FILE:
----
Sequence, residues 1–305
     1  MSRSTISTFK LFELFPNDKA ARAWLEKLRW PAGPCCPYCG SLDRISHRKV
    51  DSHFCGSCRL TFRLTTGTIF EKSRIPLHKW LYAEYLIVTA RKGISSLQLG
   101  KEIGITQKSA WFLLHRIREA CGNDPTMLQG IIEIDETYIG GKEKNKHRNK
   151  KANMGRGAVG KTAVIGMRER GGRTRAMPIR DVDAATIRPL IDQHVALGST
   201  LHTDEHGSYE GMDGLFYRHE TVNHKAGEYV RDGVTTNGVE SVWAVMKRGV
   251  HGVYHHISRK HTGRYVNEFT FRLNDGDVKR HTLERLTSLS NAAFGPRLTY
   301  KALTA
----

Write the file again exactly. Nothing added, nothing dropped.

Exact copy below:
Sequence, residues 1–305
     1  MSRSTISTFK LFELFPNDKA ARAWLEKLRW PAGPCCPYCG SLDRISHRKV
    51  DSHFCGSCRL TFRLTTGTIF EKSRIPLHKW LYAEYLIVTA RKGISSLQLG
   101  KEIGITQKSA WFLLHRIREA CGNDPTMLQG IIEIDETYIG GKEKNKHRNK
   151  KANMGRGAVG KTAVIGMRER GGRTRAMPIR DVDAATIRPL IDQHVALGST
   201  LHTDEHGSYE GMDGLFYRHE TVNHKAGEYV RDGVTTNGVE SVWAVMKRGV
   251  HGVYHHISRK HTGRYVNEFT FRLNDGDVKR HTLERLTSLS NAAFGPRLTY
   301  KALTA